Film & TV

Review: Rango

Gore Verbinski should only make animated features from now on. Or westerns. Or in Rango’s case, both.

Riding off the monumental success of the Pirates of the Caribbean trilogy (the latter two of which are among the top ten highest-grossing films of all time, the world has very much become Gore Verbinski’s oyster, and audiences have waited with baited breath for almost three years for his next project. When I first heard that Verbinski was making an animated comedy that was also a western, I’ll admit I was as sceptical as much I was chomping at the bit, but after having viewed it I can honestly say that any doubt in my mind has been cast away. While it may be the furthest afoot from his previous work as possible, Rango shows no lack of swashbuckling.

Rango is the tale of an unnamed chameleon with some larger-than-life aspirations. Johnny Depp voices the titular character, admirably supported by a star-studded cast including Isla Fisher, Abigail Breslin, Ray Winstone, Billy Nighy, Alfred Molina and Timothy Olyphant. By accident, our as yet unnamed protagonist one day finds himself in Dirt, a small town somewhere in the Old West whose inhabitants are other desert animals, dressed like characters straight out of a Spaghetti Western. Having always dreamed of being a hero, he adopts the name ‘Rango’ and establishes himself as the lawman of the town, much to the distaste of the other inhabitants.

First and foremost, it has to be said that this film is by no means aimed at children; so those of you who were intent on taking yours and sleeping for an hour and a half, be warned – you will enjoy this film. For as much as it is an animated comedy, Rango bears many of the hallmarks of a classic Western, as well as some interesting elements of surrealism (think Lebowski-esque), and countless references to earlier films, including a fantastic blink-and-you’ll-miss-it cameo from one of Depp’s earlier works.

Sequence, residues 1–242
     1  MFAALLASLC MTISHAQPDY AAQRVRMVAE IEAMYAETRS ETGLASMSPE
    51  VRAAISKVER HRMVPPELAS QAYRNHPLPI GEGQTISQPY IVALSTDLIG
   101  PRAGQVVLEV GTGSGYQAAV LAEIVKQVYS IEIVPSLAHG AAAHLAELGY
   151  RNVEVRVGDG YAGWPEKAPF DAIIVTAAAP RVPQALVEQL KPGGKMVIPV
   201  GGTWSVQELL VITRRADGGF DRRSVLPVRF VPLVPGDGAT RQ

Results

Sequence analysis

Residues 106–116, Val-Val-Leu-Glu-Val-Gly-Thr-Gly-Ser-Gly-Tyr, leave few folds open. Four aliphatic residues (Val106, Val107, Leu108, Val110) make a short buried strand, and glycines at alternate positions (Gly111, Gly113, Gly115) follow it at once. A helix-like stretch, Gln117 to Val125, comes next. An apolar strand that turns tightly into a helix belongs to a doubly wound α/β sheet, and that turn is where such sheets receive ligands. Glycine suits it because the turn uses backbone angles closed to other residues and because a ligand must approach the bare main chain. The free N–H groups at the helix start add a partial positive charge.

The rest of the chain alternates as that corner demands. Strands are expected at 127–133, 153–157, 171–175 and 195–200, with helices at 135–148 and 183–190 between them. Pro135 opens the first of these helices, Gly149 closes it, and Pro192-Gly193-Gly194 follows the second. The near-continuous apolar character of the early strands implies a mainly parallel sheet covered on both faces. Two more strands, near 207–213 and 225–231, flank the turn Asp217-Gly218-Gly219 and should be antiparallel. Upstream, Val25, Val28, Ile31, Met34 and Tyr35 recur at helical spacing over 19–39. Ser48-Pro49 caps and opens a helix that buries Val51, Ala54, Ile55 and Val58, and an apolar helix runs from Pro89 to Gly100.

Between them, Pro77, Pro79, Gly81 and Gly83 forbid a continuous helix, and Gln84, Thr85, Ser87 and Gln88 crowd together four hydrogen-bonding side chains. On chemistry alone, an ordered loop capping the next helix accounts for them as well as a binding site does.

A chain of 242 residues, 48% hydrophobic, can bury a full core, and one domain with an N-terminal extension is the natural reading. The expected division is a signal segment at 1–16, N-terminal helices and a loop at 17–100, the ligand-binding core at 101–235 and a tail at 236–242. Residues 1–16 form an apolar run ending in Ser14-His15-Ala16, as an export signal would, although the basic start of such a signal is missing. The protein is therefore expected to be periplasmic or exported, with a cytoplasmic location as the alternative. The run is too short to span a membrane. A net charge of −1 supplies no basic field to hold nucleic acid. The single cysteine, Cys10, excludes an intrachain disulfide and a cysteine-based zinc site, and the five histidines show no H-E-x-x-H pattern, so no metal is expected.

To say that Rango hangs upon Depp’s talent though would be an outright lie. His performance is excellent as always, but the supporting cast members each give him a run for his money. Praise must also go to Timothy Olyphant, whose brief role as ‘The Spirit of The West’ is absolutely outstanding. The animation is some of the best I have seen in an increasingly impressive era for visual effects; the scenery and the prickly, almost palpable heat of the desert is stunning, as is the depth of detail in the animation of the characters. And in this era where 3D seems to be king, Rango is a superb example of how animated films can and have thrived without the added use of the 3D factor. Hopefully other film-makers will follow suit.

In Rango, Verbinski makes it abundantly clear how much he respects the nature and atmosphere of a western, whilst knowing exactly which boxes to check to please modern, younger audiences, as well as critics. He demonstrates a natural flair for directing animated films, having so ably adapted renowned writer John Logan’s quirky and hilarious screenplay. Come awards season next year, I expect Rango will grab more than a few nominations, and I hope Verbinski continues directing in such fine, gun-toting form.

Josh Franks

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